5.12 Residuals of the Orbit Determination - ESRIF. . . . 53

5.13 Errors of position and uncertainty of the orbit determination - EKF. . . . 54

5.14 Residuals of the Orbit Determination - EKF. . . . 55

5.15 Errors of position and uncertainty of the orbit determination - UKF. . . . 56

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5.23 ESRIF - Forward Filter. . . . . 62

5.24 ESRIF - Backward Filter. . . . . 63

5.25 ESRIF - Forward Filter and Backward Filter Together. . . . . 64

5.26 ESRIF - Difference of the Forward Filter and Backward Filter. . . . 64

5.27 ESRIF - Forward Filter Residual. . . . . 65

5.28 ESRIF - Backward Filter Residual. . . . . 66

5.29 UKF - Forward Filter of the Orbit Determination Error. . . . . 66

5.30 UKF - Backward Filter of the Orbit Determination Error. . . . . 67

5.31 UKF - Forward and Backward Filter Together. . . . 68

5.32 UKF - Difference of the Forward Filter and Backward Filter. . . . 68

5.33 UKF - Forward Filter of the Residual. . . . . 69

5.34 UKF - Forward Filter of the Residual with large scale. . . . . 69

5.35 UKF - Backward Filter of the Residual. . . . 70

5.36 EKF - Outlier Detection Algorithm not Active. . . . 71

5.37 EKF - Outlier Detection Method 1 Active . . . . 72

5.38 EKF - Outlier Detection Method 2 Active. . . . 72

5.39 EKF - Outlier Detection Method 3 Active. . . . 73

5.40 ESRIF - Outlier Detection Method 1 Active . . . . 74

5.41 ESRIF - Outlier Detection Method 2 Active. . . . . 75

5.42 ESRIF - Outlier Detection Method 3 Active. . . . . 76

5.43 UKF - Outlier Detection not Active. . . . 76

5.44 UKF - Outlier Detection Method 1 Active. . . . . 77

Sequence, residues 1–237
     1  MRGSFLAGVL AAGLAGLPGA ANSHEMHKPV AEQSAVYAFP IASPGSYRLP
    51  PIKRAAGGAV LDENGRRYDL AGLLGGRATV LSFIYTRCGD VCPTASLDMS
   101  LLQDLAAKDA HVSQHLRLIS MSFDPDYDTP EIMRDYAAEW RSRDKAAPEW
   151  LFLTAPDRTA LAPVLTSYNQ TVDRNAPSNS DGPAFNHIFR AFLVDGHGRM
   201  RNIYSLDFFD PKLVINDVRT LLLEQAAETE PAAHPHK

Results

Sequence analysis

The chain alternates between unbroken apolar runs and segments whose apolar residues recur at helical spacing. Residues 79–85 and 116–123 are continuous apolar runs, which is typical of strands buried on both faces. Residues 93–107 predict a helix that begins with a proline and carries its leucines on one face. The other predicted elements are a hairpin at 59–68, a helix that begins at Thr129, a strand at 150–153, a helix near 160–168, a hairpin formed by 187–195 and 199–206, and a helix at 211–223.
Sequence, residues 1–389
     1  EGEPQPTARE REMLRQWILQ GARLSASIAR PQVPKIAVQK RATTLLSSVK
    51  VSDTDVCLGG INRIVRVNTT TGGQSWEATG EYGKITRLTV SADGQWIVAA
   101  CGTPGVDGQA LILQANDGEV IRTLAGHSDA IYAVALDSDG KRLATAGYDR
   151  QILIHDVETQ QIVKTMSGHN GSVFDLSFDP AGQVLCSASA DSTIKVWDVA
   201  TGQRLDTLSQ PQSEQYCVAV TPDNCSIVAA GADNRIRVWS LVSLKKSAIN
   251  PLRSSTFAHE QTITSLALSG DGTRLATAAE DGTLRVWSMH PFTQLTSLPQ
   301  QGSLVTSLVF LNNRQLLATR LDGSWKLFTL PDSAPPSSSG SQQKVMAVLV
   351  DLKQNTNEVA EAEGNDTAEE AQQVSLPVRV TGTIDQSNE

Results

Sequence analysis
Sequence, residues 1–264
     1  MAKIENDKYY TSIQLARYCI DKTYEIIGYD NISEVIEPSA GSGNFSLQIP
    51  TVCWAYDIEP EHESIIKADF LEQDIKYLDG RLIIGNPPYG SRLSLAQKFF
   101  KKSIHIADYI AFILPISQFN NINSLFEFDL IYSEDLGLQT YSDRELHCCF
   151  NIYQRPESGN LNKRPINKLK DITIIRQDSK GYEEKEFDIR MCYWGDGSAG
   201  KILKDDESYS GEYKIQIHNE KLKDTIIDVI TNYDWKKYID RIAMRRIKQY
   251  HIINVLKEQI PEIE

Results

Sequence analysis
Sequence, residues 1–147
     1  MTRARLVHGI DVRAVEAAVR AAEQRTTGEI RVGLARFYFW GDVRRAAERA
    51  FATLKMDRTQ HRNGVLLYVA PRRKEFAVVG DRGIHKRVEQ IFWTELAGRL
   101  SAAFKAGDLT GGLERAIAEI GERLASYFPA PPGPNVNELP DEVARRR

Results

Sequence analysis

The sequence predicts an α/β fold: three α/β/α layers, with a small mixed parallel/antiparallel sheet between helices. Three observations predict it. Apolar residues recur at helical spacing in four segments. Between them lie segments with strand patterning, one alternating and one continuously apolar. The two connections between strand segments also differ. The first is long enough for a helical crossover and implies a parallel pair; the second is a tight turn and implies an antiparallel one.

5.45 UKF - Outlier Detection Method 2 Active. . . . . 77

5.46 UKF - Outlier Detection Method 3 Active. . . . . 78

5.47 Orbit Determination Interval Scenario result part 1. . . . 79

5.48 Orbit Determination Interval Scenario result part 2. . . . 79

5.49 Orbit Determination - Object Number 1. . . . 80

5.50 Residual - Object Number 1. . . . . 80

5.51 Orbit Determination - Object Number 4. . . . 81

5.52 Residual - Object Number 4. . . . . 81

5.53 Orbit Determination - Object Number 13. . . . 82

5.54 Residual - Object Number 13. . . . 82

5.55 Sensor Type 1 - Consistency result in Region 1. . . . 85

5.56 Sensor Type 1 - WRMS result in Region 1. . . . 85

5.57 Sensor Type 1 - Consistency result in Region 2. . . . 86

5.58 Sensor Type 1 - WRMS result in Region 2. . . . 86

5.59 Sensor Type 1 - Consistency result in Region 3. . . . 87

5.60 Sensor Type 1 - WRMS result in Region 3. . . . 87

5.61 Sensor Type 1 - Consistency result in Region 4. . . . 88

5.62 Sensor Type 1 - WRMS result in Region 4. . . . 88

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5.63 Sensor Type 1 - Consistency result in Region 7. . . . 89

5.64 Sensor Type 1 - WRMS result in Region 7. . . . 89

5.65 Sensor Type 1 - Consistency result in Region 7. . . . 90

5.66 Sensor Type 1 - WRMS result in Region 7. . . . 90

5.67 Sensor Type 2 - Consistency result in Region 1. . . . 91

5.68 Sensor Type 2 - WRMS result in Region 1. . . . 91